For the 50+ Traveler

Cyprus is one of the best holiday spots in the Mediterranean Sea. Europeans flock there to get their sun, surf, and even skiing, but it’s still relatively unknown to travelers from the United States.

Here are seven reasons why this small island nation -- perhaps best known as the legendary birthplace of the Greek goddess Aphrodite -- should be on your travel bucket list.

Nissi Beach in Cyprus

1. The Climate

The incredible weather on Cyprus tops our list of reasons to travel there. Located 50 miles south of the Turkish coast in the far eastern Mediterranean, the island straddles Europe and Asia and enjoys a temperate subtropical climate. Mild winters and dry, warm summers ensure there’s no bad time of year to visit.

While you’ll likely find the temperatures a bit too chilly to sunbathe in January or February (highs in the low 60s), it will likely feel more like autumn to you than winter. Snow is rare, except for in the Troodos Mountains, where there’s just enough to ski at the very top of Mount Olympus (6,401 feet and the island’s highest point), about an hour’s drive west of the capital city, Nicosia.

The bottom line: Layer up with long sleeves and perhaps a fleece during the winter, and pack light, cool clothes for the summer, when temperatures can rise to nearly 90 degrees. Either way, get ready to enjoy gorgeous Mediterranean weather that’s probably balmier and more delightful than what you’re used to, no matter the time of year!

2. The Beaches

Of course, being an island, Cyprus is well known for its beaches. Whether you’re satisfied with a cocktail, sun, and surf or are a more adventurous beachcomber looking for a challenge, Cyprus’s offerings will not disappoint.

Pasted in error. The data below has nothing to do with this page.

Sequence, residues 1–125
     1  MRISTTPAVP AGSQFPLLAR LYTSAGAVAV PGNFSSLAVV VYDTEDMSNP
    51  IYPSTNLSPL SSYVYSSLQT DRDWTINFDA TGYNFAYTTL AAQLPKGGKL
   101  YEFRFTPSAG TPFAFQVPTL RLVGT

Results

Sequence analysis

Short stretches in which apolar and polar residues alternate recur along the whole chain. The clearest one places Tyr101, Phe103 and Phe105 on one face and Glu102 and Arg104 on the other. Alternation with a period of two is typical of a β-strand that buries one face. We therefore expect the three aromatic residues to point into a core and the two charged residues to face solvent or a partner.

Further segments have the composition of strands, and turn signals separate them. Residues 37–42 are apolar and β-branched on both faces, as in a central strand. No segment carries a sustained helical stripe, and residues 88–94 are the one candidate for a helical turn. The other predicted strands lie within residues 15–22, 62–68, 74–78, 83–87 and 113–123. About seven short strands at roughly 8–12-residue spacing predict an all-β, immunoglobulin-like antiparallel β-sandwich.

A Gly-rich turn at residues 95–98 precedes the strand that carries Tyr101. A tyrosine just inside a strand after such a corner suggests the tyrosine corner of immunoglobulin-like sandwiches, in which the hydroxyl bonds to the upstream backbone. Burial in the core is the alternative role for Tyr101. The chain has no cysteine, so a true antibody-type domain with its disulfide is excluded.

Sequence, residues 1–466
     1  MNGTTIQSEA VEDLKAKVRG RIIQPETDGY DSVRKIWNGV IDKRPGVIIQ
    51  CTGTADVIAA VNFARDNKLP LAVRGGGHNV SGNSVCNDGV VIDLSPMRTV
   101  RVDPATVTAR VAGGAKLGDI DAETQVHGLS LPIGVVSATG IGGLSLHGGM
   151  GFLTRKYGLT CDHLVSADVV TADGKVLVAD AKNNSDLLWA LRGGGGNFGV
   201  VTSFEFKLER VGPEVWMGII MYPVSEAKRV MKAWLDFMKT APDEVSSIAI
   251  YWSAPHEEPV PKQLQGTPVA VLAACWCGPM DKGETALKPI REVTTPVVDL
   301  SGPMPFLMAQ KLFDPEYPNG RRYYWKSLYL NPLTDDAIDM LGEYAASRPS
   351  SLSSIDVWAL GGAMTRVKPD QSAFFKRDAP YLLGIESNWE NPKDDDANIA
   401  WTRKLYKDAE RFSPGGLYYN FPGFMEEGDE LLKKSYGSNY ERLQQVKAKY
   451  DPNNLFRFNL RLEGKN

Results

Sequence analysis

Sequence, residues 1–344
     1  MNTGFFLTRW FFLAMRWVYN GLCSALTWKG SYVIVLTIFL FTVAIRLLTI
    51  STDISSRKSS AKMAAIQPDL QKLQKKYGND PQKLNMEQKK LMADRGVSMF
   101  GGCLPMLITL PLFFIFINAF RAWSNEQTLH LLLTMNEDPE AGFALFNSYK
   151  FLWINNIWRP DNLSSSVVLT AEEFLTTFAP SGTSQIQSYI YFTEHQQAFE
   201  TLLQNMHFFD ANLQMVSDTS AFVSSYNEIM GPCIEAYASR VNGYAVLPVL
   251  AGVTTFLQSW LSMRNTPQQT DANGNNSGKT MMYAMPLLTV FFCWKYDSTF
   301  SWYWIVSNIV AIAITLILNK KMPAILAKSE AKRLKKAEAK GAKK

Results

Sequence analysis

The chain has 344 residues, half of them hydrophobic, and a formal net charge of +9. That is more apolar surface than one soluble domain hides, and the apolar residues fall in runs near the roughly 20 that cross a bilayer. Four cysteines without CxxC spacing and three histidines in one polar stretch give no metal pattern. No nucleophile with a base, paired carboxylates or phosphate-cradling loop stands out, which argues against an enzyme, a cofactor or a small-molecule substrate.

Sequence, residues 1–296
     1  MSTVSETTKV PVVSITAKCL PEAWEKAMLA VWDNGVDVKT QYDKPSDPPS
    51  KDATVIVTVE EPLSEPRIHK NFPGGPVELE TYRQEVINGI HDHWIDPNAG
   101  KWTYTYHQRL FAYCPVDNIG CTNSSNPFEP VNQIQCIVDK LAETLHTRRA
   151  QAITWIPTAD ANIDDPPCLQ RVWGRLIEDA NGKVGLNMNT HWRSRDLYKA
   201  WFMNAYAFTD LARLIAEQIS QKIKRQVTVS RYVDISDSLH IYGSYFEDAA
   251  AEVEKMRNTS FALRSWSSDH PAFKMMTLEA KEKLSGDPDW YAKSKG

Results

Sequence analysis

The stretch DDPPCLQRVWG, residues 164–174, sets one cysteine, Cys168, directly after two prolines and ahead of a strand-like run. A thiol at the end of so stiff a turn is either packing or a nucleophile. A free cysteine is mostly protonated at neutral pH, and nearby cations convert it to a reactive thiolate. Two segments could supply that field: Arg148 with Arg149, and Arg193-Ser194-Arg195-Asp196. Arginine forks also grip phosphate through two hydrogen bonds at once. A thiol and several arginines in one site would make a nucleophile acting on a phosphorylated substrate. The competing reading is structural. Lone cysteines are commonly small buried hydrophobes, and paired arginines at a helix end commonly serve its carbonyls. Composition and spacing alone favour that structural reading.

One of the more famous stretches of sand on the island is Nissi Beach, located on the resort that shares its name. This area’s soft white sand and bright, azure waters make the area a favorite for tourists and locals alike.

Not too far from Nissi Beach is Konnos Bay, a 660-foot stretch that’s terrific for swimming because of its gentle waves. This is a spot Cypriots love, and there are cafés and convenience stores nearby where you can grab a drink or snack.

If you’re in the mood to spot some wildlife, head to Lara Beach in a secluded area of the Paphos District. This quiet, gorgeous beach is accessible only by off-road vehicle or hike, and it’s the spot where green sea turtles come ashore to lay their eggs.

Of course, you must at least drive by Aphrodite’s Rock, an outcrop just off the coast where legend has it that the Greek goddess of love, Aphrodite, emerged from the sea. The beach is popular with tourists, who come to swim in its mystical waters.

ruins of Kourion in Limassol on Cyprus

3. The History

The history of Cyprus is long, complicated, and marked by many different empires and regimes, but that’s part of what makes this island a fascinating vacation destination.

Over the millennia, the island was considered a strategic must-have, and thus was constantly conquered. The Assyrians, Egyptians, Persians, Venetians, Crusaders, the Ottoman Empire, and the British all occupied Cyprus. Each group left its mark on the island, from the Tomb of the Kings, a UNESCO World Heritage site that dates back to the Hellenistic period, to the Saint Hilarion Castle that was written about by Richard the Lionheart during his Crusades campaign in 1191.

You won’t want to miss the amazingly preserved Roman floor mosaics at Kourion in Limassol and Paphos.

To get a feel for the Muslim influence on the island, visit the tomb and mosque of Umm Haram (Hala Sultan Tekke), the maternal aunt of the prophet Muhammad. The mosque standing today was built over Umm Haram’s grave; she arrived on Cyprus during the Arab raids led by Syrian forces in A.D. 647.

The walled capital city of Nicosia is the heart of the Turkish Cypriot community. Its bastions were built in the mid-16th century by the Venetians, and wandering through the city feels like taking a trip back in time.